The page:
BCCI president Anurag Thakur said on Wednesday that the Board is not in favour of the two-tier Test system proposed by the ICC chief executive Dave Richardson. The proposal had the support of boards from England, Australia, and New Zealand, while Sri Lanka and Bangladesh strongly opposed it.
The proposal to split Test cricket into two tiers was tabled in the ICC annual meeting in Edinburgh this June. According to the proposal, the top tier will have seven nations, while five nations will compete in the second tier. ICC chief executive had explained the proposal as an attempt to give added "meaning and context" to Test cricket.
Unless we can give some meaning to these series beyond the rankings and a trophy, then interest in Test cricket will continue to waver."
"Unless we can give some meaning to these series beyond the rankings and a trophy, then interest in Test cricket will continue to waver," Richardson said. "The same applies if we allow uncompetitive Test cricket to take place too often."
While the proposal found support from the England and Wales Cricket Board, Cricket Australia and New Zealand Cricket, the boards of Sri Lanka and Bangladesh raised their reservations about the financial model and the strength of the competition in the system.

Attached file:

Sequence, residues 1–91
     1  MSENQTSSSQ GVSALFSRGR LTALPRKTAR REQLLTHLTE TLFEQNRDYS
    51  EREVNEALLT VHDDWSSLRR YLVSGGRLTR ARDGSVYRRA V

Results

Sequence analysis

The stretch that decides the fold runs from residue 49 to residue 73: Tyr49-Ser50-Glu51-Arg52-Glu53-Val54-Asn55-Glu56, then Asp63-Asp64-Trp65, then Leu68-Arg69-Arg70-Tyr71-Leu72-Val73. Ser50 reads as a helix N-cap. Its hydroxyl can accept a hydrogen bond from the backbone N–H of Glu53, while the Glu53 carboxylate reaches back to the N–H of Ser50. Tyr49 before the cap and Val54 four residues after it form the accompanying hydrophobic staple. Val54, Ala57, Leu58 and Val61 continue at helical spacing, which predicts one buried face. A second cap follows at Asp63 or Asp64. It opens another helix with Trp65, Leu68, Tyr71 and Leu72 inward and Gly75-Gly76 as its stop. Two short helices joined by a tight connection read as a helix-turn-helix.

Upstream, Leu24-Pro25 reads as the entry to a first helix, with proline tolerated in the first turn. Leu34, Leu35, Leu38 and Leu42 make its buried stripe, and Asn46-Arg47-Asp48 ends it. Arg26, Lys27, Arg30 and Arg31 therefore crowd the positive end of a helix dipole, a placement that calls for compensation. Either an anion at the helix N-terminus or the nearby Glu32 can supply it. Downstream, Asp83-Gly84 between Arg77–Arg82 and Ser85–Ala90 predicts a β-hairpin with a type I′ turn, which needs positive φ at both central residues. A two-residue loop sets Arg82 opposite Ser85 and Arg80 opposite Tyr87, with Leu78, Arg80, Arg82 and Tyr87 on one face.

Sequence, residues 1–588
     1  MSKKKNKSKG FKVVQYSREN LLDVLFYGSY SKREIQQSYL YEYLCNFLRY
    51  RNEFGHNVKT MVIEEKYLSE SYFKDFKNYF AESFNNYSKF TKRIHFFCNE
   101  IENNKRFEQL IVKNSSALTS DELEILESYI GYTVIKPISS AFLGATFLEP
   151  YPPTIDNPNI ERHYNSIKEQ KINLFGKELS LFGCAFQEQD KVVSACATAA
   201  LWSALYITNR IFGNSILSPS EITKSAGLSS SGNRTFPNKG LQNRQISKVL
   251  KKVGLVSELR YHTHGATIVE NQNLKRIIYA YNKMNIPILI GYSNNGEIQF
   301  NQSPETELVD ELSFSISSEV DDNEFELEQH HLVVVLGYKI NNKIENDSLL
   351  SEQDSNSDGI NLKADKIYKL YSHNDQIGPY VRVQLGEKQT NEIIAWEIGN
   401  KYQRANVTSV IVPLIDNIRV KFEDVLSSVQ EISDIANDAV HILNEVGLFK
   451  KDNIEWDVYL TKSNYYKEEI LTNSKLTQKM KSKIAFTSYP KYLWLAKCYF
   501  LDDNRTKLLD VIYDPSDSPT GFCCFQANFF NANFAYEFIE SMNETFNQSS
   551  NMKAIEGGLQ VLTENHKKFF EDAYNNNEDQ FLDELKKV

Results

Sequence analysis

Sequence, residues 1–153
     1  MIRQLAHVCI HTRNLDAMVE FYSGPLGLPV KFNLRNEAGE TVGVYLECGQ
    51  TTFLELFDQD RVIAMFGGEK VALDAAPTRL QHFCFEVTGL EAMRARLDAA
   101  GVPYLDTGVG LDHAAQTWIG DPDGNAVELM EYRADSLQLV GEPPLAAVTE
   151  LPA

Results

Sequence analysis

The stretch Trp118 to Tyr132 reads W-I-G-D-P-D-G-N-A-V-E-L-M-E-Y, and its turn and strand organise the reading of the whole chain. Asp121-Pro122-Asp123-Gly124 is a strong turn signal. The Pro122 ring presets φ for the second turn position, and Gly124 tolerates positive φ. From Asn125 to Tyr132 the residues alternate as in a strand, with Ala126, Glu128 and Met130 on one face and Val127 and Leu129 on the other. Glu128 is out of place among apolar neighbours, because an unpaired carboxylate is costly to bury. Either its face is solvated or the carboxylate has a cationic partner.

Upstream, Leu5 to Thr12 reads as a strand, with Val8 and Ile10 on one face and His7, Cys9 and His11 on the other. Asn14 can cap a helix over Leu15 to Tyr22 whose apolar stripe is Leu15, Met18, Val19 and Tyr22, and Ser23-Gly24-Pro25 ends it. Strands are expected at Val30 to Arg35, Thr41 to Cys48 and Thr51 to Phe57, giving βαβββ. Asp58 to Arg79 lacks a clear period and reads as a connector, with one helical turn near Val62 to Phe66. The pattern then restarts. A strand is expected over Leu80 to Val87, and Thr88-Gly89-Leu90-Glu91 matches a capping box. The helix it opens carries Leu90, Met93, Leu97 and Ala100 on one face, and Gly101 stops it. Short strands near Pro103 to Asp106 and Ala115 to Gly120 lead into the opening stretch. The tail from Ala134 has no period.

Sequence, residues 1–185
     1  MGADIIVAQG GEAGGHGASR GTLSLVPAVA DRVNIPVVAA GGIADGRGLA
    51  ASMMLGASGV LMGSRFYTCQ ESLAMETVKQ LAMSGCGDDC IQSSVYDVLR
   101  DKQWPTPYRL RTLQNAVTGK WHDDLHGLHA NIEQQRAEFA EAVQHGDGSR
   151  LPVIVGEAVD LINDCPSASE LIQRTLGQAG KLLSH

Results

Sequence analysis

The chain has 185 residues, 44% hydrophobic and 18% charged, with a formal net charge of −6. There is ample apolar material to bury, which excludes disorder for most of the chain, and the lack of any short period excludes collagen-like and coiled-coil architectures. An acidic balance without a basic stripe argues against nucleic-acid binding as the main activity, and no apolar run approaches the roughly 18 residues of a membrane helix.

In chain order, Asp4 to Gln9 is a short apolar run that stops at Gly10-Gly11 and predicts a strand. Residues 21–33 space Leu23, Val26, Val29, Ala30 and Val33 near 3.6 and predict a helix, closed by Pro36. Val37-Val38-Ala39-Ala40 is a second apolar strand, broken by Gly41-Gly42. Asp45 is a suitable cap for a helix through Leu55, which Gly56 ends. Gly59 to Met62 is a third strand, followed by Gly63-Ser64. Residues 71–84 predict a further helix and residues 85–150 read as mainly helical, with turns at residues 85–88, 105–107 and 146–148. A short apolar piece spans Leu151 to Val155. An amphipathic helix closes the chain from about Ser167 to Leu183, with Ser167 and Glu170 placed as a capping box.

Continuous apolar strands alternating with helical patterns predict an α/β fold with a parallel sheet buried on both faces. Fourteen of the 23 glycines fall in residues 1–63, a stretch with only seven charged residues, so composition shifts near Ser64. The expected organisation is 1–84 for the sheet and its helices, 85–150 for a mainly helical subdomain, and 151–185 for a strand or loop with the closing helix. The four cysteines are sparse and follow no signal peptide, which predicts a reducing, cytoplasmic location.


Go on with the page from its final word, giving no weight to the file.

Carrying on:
The most powerful board in the sport, the BCCI, had remained away from supporting or opposing the system till now, but in an interaction with the New Indian Express, President Anurag Thakur stated that the Board is not
The BCCI is against the two-tier Test system because the smaller countries will lose out and the BCCI wants to take care of them."
“Not at all. The BCCI is against the two-tier Test system because the smaller countries will lose out and the BCCI wants to take care of them. It is necessary to protect their interests. In the two-tier system, they will lose out on a lot, including revenue and the opportunity to play against top teams. We don’t want that to happen. We want to work in the best interests of world cricket and that is why our team plays against all the countries,” Thakur told Express.
Thakur’s comments are not likely to please the other boards which have been speaking in favour of the new system. Meanwhile, Cricket Australia chairman David Peever today asked the nations that have been opposing the system to embrace the change and said that “traditions must not stand in the way of progress”.
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